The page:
Ofcom figures show that younger viewers ages 16-24 are increasingly turning to on-demand services, with live TV only taking up 50 per cent of total viewing time.
Compared to other ages groups Ofcom surveyed for its Public Service Broadcasting in the Internet Age report, 16-24 year olds are more likely to turn to Vice News for information and subscribe to an on-demand service than older and younger demographics.
But far from signalling the end of live TV as we know it, most folks still prefer live and recorded TV over online entertainment.
Ofcom’s report also cites research from GfK which shows that 10 per cent of content watched on Netflix and Amazon Prime Instant Video.
So while there’s certainly a change in how people like to get their content these days, it’s a little too soon to start measuring the coffin for public service broadcasting, if audience reception is anything to go by.
The growth of YouTube and social networks is having a more perceptible impact on the consumption of news, with viewing of TV news has fallen by 29 per cent among people aged 16-34.
Ofcom notes that this represents the biggest challenge for public service broadcasters, but only fleetingly mentions that the BBC, Channel 4, ITV and Channel 5 all maintain Facebook pages and Twitter accounts for their channels and radio stations.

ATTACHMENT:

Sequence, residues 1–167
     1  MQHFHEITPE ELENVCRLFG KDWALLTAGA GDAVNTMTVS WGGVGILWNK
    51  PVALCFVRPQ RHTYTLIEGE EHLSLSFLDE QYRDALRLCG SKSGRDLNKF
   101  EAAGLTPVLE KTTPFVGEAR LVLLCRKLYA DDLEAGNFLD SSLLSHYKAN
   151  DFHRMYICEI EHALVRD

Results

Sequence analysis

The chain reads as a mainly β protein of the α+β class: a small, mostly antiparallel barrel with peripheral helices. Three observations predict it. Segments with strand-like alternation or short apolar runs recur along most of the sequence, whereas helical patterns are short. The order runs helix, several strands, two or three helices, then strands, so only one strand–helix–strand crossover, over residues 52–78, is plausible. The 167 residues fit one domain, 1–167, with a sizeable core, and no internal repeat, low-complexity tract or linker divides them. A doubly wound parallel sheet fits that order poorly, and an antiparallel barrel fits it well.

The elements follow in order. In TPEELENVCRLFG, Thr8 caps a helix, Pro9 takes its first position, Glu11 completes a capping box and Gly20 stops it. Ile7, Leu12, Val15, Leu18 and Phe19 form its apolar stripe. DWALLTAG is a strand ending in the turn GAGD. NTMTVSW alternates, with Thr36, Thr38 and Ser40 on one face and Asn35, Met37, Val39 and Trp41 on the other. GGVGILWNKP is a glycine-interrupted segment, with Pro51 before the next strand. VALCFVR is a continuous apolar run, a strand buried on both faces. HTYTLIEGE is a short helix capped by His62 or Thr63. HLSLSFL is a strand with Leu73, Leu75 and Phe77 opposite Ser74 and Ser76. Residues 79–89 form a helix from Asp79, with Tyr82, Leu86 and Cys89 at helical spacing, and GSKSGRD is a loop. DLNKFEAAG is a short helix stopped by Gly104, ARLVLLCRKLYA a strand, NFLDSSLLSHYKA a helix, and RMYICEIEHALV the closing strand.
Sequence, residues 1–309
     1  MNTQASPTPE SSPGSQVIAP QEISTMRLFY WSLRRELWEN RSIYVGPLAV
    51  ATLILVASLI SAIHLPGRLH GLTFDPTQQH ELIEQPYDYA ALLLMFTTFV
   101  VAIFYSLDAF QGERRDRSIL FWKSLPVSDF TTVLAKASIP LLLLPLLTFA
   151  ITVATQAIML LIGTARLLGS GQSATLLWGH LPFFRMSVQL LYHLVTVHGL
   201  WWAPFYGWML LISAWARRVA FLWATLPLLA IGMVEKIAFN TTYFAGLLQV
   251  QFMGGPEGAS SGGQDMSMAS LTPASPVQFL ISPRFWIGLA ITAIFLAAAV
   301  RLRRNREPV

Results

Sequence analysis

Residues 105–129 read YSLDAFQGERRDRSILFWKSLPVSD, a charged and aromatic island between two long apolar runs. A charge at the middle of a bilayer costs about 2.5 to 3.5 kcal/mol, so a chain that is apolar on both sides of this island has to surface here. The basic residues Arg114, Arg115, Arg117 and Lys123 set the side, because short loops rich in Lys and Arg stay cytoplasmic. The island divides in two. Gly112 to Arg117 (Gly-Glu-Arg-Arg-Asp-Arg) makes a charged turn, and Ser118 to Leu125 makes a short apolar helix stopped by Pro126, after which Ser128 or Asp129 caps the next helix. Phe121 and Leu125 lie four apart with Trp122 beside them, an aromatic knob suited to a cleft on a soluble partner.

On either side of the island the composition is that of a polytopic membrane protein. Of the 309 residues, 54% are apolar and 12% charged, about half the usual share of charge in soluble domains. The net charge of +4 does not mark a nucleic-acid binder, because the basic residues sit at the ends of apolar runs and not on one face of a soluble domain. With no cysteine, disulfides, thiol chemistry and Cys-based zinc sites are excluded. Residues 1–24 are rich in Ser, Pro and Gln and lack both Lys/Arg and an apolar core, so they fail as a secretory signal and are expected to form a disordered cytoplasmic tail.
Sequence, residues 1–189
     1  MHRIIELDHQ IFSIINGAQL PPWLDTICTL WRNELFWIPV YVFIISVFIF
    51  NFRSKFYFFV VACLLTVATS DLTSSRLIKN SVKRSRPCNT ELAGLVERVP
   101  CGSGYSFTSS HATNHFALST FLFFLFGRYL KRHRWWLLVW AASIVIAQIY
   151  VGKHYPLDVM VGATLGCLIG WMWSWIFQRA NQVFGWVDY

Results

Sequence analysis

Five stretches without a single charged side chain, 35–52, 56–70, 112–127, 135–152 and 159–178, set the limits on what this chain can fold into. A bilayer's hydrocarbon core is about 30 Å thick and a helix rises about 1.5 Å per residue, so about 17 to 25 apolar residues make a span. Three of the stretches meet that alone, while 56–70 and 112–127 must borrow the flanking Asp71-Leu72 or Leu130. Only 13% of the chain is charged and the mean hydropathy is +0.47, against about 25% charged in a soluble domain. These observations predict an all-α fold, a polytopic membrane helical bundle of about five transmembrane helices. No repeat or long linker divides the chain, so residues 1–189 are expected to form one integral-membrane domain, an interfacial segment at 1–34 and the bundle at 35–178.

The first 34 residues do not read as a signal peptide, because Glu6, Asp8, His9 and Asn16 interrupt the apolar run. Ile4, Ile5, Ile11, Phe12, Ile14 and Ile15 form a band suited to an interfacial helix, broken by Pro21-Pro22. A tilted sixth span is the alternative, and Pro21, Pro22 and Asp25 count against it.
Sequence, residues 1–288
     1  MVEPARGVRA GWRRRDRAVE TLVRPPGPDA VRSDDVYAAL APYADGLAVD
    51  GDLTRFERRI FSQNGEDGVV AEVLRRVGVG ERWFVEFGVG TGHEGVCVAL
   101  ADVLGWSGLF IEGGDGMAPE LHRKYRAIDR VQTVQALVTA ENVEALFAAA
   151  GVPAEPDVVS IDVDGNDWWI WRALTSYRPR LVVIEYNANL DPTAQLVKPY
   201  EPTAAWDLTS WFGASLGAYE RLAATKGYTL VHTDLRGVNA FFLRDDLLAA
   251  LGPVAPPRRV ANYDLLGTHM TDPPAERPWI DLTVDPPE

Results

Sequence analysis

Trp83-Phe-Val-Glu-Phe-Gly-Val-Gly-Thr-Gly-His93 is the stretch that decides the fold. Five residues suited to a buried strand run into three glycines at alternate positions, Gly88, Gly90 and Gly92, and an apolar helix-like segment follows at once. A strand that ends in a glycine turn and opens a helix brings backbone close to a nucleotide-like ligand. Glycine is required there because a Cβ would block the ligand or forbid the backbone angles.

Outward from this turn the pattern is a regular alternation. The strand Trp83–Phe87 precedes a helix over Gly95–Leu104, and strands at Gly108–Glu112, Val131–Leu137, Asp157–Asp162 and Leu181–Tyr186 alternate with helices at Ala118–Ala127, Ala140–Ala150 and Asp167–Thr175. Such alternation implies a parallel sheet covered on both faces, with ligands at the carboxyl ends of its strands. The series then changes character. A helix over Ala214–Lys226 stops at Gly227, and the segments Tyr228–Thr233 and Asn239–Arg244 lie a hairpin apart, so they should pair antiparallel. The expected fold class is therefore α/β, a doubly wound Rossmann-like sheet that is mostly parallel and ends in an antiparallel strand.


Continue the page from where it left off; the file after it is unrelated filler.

Another challenge to public service broadcasting, particularly the BBC, comes down to the licence fee settlement. Frozen for the last six years, the BBC’s charter is up for renewal this year.
Among the many proposals aimed at the licence fee include replacing it with a mandatory tax, ensuring that everyone pays.
Currently, you’re free to legally avoid paying for a licence so long as you only watch non-live, catch-up and on-demand content. You are free to access BBC catch-up content on iPlayer without having to pay for a licence – switching to a broadcasting levy could change that.